In the early 1970s, when Mick was 12 years old, he suffered a medical emergency and his mum rushed him to hospital. Mick’s mum then had to get back to their home in regional Victoria to look after the other kids, so she left Mick alone in the care of a young male staff member. Mick said:
‘All I remember is the guy pushing me down a long corridor, and I was still in pain … into a vacant room. I’m pretty sure there was a guy on his own in the bed and, I don’t know, I think he might have been a dead person actually.
‘And I was just down in this room, on me own, and he pulled the blind around and then, I remembered he just got me that – positioned meself so me backside was just sort of hanging and he’s like “I’ve just got to do an examination”.’
The man then raped Mick. The experience ‘seemed to go on forever and the pain was just unbelievable. And I must have passed out. Then the only other thing I remember after that is just anger and throwing chairs off the balcony of the hospital’.
After that, Mick decided not to discuss the incident with anyone – not even himself. Aided by alcohol, he succeeded in blocking the experience out of his mind. But he couldn’t stop it influencing his behaviour.
‘That was the tipping point for me to go on the wild side. Like, nobody come near me. I used to fight. I was never a bad drunk but if you got in my zone and you were hassling me it was all over, red rover.’
Mick left school early. He left his home town too. He got a job and worked hard. He’s worked hard all his life. He married and had a few kids. Then as he got older and stopped drinking so much the memories started coming back – not just memories of the hospital incident, but memories of sexual abuse he’d suffered at home when he was a four-year-old boy.
Eventually Mick had a nervous breakdown. He was ‘crippled, mentally’ and had to spend ‘three weeks in bed at a time’. During this low point he mentioned a few details of the abuse to his wife – just ‘bits and pieces’.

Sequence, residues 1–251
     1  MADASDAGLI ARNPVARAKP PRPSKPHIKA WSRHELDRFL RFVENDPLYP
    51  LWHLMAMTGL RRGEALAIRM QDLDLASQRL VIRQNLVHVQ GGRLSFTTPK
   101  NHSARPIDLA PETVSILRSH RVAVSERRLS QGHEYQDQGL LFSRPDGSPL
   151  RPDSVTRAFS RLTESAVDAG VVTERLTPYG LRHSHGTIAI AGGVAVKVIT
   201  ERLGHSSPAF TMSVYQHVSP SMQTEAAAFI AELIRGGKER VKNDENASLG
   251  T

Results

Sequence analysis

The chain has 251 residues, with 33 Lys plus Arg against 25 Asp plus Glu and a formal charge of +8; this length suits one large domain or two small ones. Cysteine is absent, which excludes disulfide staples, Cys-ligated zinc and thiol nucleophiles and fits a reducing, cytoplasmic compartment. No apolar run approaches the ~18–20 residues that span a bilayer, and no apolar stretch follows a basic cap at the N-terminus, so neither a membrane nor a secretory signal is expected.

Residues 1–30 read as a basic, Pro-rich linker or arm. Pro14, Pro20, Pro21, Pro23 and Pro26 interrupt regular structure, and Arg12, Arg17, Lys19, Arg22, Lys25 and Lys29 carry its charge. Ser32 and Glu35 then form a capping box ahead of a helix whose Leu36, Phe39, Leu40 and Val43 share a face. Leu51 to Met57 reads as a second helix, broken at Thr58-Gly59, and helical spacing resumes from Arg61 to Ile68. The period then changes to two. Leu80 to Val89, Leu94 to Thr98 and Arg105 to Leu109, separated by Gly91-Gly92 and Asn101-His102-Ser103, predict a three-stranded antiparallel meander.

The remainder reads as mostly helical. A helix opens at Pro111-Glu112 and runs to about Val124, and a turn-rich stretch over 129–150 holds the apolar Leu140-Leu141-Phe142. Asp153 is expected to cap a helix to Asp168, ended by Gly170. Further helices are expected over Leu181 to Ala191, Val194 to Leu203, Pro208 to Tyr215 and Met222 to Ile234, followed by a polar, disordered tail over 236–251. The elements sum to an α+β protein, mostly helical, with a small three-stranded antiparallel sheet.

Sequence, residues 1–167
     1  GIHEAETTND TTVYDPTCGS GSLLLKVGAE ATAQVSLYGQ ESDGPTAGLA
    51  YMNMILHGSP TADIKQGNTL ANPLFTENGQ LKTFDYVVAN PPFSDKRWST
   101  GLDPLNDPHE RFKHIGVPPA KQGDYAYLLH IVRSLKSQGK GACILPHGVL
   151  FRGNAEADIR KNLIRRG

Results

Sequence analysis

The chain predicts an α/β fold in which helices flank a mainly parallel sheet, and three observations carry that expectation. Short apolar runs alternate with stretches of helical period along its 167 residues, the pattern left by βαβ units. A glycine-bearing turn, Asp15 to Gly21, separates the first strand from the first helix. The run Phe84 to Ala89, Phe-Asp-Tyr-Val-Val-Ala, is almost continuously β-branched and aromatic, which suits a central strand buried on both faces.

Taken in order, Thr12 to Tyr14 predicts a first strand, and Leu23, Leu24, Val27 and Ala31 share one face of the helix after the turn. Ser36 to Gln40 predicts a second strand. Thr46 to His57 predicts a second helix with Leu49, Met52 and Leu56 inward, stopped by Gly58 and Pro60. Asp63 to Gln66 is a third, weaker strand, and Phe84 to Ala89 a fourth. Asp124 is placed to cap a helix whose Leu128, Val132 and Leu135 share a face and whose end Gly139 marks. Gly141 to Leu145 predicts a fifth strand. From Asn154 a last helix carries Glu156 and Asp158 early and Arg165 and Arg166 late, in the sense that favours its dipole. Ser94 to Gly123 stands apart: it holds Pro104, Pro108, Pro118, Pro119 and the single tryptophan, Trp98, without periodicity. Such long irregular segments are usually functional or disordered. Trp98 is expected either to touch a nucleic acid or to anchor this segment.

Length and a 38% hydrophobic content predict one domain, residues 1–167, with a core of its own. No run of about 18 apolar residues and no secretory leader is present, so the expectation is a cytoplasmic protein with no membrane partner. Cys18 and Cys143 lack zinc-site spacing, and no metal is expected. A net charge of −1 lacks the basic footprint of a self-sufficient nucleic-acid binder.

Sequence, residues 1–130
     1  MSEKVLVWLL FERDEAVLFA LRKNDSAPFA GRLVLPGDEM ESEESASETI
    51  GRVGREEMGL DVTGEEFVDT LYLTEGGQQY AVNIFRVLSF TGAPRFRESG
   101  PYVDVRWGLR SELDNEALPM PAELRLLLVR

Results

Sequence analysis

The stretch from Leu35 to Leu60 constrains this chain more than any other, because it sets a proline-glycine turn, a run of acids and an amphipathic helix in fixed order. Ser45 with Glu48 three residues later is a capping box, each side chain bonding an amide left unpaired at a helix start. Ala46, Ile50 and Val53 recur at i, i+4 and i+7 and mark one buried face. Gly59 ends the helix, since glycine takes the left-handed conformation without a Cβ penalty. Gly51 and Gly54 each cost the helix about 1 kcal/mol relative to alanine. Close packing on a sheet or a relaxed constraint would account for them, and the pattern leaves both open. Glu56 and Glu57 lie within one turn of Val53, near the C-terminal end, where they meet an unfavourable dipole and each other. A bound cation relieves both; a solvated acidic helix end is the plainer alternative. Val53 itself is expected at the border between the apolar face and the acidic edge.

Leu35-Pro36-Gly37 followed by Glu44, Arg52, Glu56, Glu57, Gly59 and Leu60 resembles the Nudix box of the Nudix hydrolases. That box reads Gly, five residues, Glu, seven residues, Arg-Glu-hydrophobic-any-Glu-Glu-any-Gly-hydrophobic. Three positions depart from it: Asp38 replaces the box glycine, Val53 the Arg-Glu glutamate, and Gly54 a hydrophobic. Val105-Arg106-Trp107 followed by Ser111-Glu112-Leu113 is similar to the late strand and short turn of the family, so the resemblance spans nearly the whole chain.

Mick said that his wife then took those bits and pieces and created her own story. Later, when the two of them divorced she used that story against him.
‘She got that vicious and just done some hideous things and used that with the children and it’s ongoing now still, through what she’s told my children. My two older children are just disgusted with me and I’m trying to deal with the fact that they think I’m a perpetrator.’
Mick said that his kids won’t even give him the chance to tell his story. He’s hoping that ‘down the track’ their attitudes might change. In the meantime, Mick has managed to open up about the abuse, speaking to a mate and to a therapist. His session with the therapist ‘linked a lot of loose ends so to speak and everything sort of – a lot of things made sense’.
Mick is now making plans to take legal action against the hospital while continuing to work on improving his mental and physical health.
‘I’ve got to deal with it, and hopefully I can get over it so I can enjoy the next 20 years of me life, which I want to do. I love me fishing, but I just can’t fish. I lie in bed.’